Disclaimer: I had to reuse footage and use a little movie magic to get a decent length for this video.*
Shooting my new (old) Standard Arms Model G in .35 Remington. Released in 1906, Standard Arms holds the trophy for having the first gas operated, semi-automatic rifle designed specifically for the civilian market. However, despite the sleek lines and gorgeous engravings, this rifle was plagued with design flaws the company tried to appease customers by releasing the Model M, a pump action only version, to little success that would eventually spell the death of the company in 1920.
*That said, this firearm is no exception to the faults that plagued its tenure in the early 1900s:
- The operating rod head broke and allowed the captured recoil spring to release causing the rifle to remain open. This was fixed, but...
- The operating rod threads into the extension in the bolt while under spring tension; not fully threading the rod has caused the threads to strip. Until this fixed, the firearm is no longer in an operational condition. Woops!
Shooting my new Remington R51 Gen2. When Remington brought back the Pedersen action back in 2014, I was ecstatic. At least, until the terrible reviews started pouring out on the internet. When Remington brought it back, I was curious but weary like most and did not pick one up until a month ago when one came up for a price I couldn't refuse.
No modifications was made to the gun itself besides racking the slide constantly while stuck at home with nothing much else to do for a week or two and installing some aftermarket wood grip panels, but the biggest fix I found was to cut about 3/8th inch off the legs of the follower. I noticed the full length of the follower would cause the 7th cartridge to nosedive and make it difficult to charge the gun from a full magazine on a closed slide. Cutting the follower allowed some space for the cartridge to move and thus aided in loading a full magazine.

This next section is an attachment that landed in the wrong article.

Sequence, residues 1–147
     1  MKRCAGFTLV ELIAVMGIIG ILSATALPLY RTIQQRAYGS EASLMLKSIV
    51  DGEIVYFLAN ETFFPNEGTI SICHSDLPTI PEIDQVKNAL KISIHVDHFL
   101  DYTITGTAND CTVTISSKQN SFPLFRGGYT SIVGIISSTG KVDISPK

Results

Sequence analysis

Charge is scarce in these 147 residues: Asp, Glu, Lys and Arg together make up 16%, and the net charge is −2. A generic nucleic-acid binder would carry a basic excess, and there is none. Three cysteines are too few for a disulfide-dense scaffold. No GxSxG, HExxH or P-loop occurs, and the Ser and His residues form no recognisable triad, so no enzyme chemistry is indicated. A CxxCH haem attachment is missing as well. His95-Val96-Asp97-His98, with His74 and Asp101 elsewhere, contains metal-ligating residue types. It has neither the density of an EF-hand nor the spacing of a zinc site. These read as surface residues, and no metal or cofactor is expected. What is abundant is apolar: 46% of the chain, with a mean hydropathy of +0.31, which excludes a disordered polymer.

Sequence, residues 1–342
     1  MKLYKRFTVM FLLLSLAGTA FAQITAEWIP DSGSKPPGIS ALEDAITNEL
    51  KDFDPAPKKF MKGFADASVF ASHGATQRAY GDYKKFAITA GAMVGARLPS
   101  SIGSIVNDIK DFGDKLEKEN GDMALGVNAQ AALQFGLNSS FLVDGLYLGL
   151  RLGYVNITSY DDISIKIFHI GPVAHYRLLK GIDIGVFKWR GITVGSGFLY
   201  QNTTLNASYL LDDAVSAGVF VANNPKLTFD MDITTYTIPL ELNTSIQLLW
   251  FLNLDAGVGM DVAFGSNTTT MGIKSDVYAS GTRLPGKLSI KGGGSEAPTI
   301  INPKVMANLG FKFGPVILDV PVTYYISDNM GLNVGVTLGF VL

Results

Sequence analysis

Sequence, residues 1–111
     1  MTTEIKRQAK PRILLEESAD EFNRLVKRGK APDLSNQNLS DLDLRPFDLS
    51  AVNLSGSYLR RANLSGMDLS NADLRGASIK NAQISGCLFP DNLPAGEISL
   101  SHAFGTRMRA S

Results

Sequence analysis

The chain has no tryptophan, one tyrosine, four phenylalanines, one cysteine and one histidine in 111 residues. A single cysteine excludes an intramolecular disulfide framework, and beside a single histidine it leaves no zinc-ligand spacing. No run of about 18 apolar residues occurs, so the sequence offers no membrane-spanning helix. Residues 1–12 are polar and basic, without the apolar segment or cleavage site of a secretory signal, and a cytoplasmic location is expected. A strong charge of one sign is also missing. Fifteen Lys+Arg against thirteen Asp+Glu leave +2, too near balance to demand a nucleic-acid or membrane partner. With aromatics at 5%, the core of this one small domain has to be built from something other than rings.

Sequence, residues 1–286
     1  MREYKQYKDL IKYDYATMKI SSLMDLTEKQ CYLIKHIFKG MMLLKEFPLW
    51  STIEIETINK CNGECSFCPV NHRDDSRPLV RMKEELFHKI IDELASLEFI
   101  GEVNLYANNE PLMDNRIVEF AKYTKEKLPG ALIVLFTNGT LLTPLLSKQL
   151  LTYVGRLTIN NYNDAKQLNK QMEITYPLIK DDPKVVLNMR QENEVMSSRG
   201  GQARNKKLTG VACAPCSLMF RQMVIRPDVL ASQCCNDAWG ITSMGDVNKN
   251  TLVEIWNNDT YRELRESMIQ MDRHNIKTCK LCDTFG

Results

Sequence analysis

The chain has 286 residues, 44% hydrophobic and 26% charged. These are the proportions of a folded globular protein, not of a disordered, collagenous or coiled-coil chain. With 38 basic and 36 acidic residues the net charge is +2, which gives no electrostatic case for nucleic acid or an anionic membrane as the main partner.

In the end, I share a takedown and reassembly video. This thing has a lot of sharp edges, but the method I use to take down the original Model 51 avoids a lot them. I hope it helps other R51 owners on handling this firearm.
Hope y'all are staying safe out there!
Shooting my new (old) Darne clone in 12 gauge. This shotgun sports a unique action in which the breech block slides back to allow the user to chamber as well as automatically extract spent shells. This shotgun was originally chambered in 65mm (2.5") shells but the chambers have been extended to accept 70mm (2.75") shells which you can see on the barrel flat in the gallery of this video.
*This particular shotgun does not sport the Darne logo and instead is inscribed: "CANON ZF FIXE". I do know that the Darne patent expired at the turn of the century and a number of high quality clones entered the market with the design. Mine seems to be and it appears it was even used in a Grand Prix in Milan (1898) and London (1903)!
Revisiting some old guns. Shooting my old R35 Lebel; hopefully got a better video of it
Shooting my old Remington Model 81 in the new format. Wait for the end ;)
Shooting my new (very old) Bannerman Model 1896. Initially produced by the Spencer Arms Company as the Model 1882, the rights were purchased by Francis Bannerman in 1890. The shotgun sports a very unique design not copied anywhere else today and the original model is the very first successful pump action shotgun that eventually was eclipsed by the Winchester 1897.
The shotgun normally would hold 5-6 shells, but I only had a single 25 round box of low pressure shells so I limited the video to 3 rounds due to malfunctions with the ejection system (firing pin getting caught on the frame during ejection).
Great help with recording from my friend; check out his videos here! https://www.youtube.com/user/mstugart07
(Sorry for the reupload, I forgot to add a couple pictures in the end)
Shooting my new (old) MAS-36 in 7.5x54 French. This particular example was built in 1945 just after the end of WW2. Not much else to say: it's robust, simple, and reliable!
Great big help with recording from my friend; check out his videos here! https://www.youtube.com/user/mstugart07
Shooting my new (old) Fabrique Nationale Auto-5 Light Twelve built in 1949. This particular shotgun sports an aluminum receiver making it rather light compared to its steel counterpart; in addition, it was modified with a Cutts Compensator and variable choke for maximum fudd.
Shooting my new (old) Canadian Inglis Hi-Power with and without a stock. This handgun was one of the many manufactured by Inglis for a contract by the Chinese Nationalists during WWII.
Very special thanks for my friend who helped me record the footage today.